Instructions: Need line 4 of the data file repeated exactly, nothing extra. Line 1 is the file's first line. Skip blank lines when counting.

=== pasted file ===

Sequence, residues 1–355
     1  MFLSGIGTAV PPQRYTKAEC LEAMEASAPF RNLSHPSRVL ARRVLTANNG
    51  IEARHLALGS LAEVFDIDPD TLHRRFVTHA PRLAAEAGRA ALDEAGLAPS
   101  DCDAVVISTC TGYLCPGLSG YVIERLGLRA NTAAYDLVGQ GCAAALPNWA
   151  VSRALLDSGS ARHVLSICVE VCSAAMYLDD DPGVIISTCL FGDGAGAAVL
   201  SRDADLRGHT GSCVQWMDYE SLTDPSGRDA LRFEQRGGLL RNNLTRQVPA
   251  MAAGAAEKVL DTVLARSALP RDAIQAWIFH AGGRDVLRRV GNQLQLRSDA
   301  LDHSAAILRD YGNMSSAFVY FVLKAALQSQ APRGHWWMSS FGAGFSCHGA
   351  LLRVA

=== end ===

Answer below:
   101  DCDAVVISTC TGYLCPGLSG YVIERLGLRA NTAAYDLVGQ GCAAALPNWA